THE IRELAND in which I grew up — in the 1950s — was a very different country from the Ireland of today. It really was a quiet backwater in those times, a society in which the changes wrought by the Second World War had scarcely begun to touch.
It was, relatively, a poor country — scores of thousands of young people emigrated each year, and the job columns of Irish papers were filled with requests from English employers seeking Irish workers. It was also a society of strict morality: crime rates were among the lowest in the world (bicycle thieving was, by all accounts, the main police headache) and subversive or nefarious foreign literature of all kinds was banned.
It had all the advantages and all the disadvantages, too, of a tranquil, monolithic, wellordered society. It was safe. It was a nice place in which children could grow up. Family life was warm and supportive. Real pleasures were had from simple things — hiking, dancing at ceilis, Sunday drives in the mountains, hospitality, teas. And Dublin, an elegant city, had a certain glamour.
But it was a narrow society in many respects, too, and overseas visitors were shocked to see urchins selling newspapers in bare feet, children begging, obvious signs of poverty.
Ireland today has changed out of all recognition — again, both for the good and the bad. In the
1980s, it is a country which the twentieth century has invaded with a virulent suddenness: people in the West of Ireland have, in some cases, moved technologically from the 1850s to the 1980s in the space of a few years — from homes with no electricity and no running water to the era of computers, space satellites, television and video, with all the culture shock such changes involve.
Open discussions about abortion and contraception are flourishing in a milieu which until recently was not very different from that of Thomas Hardy's novels.
These immense, sudden changes have opened Ireland up dramatically — stimulated new ideas. fresh talk and all the cross-currents that must exist in a free and democratic society.
Half of the Irish are under 25 (one of the attractive spin-offs of not having a birth-controlorientated society is that you continue to have lots of young people) and there is a feeling of stimulus, of challenge, of debate and liveliness in the social atmosphere of Ireland today.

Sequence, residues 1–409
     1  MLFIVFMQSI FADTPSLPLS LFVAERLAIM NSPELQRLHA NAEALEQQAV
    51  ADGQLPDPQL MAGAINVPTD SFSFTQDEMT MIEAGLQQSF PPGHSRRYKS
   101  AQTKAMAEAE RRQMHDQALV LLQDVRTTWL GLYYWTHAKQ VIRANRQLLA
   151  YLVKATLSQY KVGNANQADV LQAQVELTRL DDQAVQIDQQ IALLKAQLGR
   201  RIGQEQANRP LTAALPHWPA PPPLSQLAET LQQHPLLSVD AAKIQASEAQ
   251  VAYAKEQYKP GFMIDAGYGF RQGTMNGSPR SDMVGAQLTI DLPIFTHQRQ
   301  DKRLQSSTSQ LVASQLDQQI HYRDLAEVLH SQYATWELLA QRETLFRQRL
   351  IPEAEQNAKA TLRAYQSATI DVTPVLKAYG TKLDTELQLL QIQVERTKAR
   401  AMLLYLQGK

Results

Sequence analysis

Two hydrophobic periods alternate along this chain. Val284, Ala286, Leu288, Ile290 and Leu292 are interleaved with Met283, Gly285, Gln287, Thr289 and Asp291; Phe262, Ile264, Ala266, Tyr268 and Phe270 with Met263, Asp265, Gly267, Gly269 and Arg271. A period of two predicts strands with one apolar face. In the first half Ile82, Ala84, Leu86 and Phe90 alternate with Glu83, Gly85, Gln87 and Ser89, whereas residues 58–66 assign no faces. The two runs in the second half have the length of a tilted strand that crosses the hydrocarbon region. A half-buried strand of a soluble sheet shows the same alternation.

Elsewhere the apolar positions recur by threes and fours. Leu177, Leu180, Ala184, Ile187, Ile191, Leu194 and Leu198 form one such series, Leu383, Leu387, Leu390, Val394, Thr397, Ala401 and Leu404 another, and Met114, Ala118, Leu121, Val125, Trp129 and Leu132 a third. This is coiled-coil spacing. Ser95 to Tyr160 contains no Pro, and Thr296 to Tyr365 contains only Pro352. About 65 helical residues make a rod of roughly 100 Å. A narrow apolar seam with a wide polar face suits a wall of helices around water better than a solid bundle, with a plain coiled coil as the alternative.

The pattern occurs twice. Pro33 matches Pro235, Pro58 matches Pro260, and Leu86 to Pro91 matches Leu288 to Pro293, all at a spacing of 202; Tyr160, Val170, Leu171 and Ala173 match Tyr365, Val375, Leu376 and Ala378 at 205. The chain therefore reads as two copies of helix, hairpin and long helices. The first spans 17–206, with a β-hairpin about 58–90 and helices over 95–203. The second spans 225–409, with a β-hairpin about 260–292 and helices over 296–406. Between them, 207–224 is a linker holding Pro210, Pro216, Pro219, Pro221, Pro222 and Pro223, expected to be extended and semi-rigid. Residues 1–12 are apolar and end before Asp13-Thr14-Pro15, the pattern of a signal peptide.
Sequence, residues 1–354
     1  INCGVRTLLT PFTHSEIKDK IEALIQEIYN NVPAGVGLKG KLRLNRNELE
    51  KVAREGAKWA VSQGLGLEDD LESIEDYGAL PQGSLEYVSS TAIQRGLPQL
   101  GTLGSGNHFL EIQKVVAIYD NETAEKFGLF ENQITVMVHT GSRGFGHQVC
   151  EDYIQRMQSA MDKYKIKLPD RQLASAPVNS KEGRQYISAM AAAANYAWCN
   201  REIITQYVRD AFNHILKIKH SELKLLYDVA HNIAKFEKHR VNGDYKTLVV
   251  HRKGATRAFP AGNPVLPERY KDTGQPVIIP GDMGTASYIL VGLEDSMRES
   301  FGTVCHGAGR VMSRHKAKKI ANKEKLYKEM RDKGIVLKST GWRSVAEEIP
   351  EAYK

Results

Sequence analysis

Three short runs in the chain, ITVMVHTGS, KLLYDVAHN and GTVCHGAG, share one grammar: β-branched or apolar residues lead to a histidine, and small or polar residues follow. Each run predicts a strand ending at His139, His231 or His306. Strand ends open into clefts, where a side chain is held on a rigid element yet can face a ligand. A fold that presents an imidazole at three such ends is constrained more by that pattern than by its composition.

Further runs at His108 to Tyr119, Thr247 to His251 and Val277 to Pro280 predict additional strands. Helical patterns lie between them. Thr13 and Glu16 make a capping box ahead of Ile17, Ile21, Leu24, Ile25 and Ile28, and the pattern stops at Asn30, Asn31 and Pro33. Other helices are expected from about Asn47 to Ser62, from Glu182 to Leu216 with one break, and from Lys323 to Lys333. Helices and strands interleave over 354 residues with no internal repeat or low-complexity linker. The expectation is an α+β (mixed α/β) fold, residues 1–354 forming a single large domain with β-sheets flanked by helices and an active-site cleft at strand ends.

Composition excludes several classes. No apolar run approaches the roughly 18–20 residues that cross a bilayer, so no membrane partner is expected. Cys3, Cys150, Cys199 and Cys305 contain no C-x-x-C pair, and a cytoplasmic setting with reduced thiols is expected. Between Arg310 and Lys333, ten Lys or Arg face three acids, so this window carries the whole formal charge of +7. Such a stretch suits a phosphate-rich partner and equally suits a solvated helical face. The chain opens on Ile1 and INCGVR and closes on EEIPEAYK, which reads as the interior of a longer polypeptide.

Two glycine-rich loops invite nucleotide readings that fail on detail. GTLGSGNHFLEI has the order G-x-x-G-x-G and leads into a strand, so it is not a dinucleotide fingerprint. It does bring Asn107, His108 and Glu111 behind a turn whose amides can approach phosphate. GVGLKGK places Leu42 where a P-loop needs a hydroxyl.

But there is the dark side of modernity, too; a frightening increase in crime; a materialism only equalled by philistinism; far less law and order; an unattractive cynicism; and, for me, the wholesale destruction of the city of Dublin, which, from being a place of charm and elegance has become like any other example of inner city deprivation.
The restaurants, the pubs, the places of meeting and entertainment are dying on their feet in the centre of Dublin because nobody wants to go there after dark. There is just too much crime and ugliness, and the decaying buildings with their old posters flapping about the garbage are altogether too depressing.
Real estate killings have been made by property speculators, and Dublin suburbia, indistinguishable from suburbia in Glasgow, Bristol, or Des Moines, rules the day, and the night. Of Dublin city my husband said, sadly if wittily: "A terrible Birmingham is born".
And yet, and yet, I still seek Ireland out for repose, for repair from the big bad world, and still find there, in the very air itself, a stillness, a peace and a tranquility that is no where else found. In the West of Ireland, in the south, on country roads all over the land, it is still possible to be the only person on the ostensible face of the earth, surrounded by a perfect pause in nature that heals the very soul.
Although so much of the character of Ireland is now so obviously modern, something has been retained, something has been held back, something of Ireland remains, thankfully, in a timeless antiquity, a groove in eternity, a drawer in history, something stays mystically and scenically at the source of all things.
That is where my own Ireland lies — somewhere magical and beguiling and out of all time and worrisome day-to-day news, and standing on the beach at Claddaduff or on a country road in Clare, one can catch at that Ireland in the air: forever, unchanging, divine.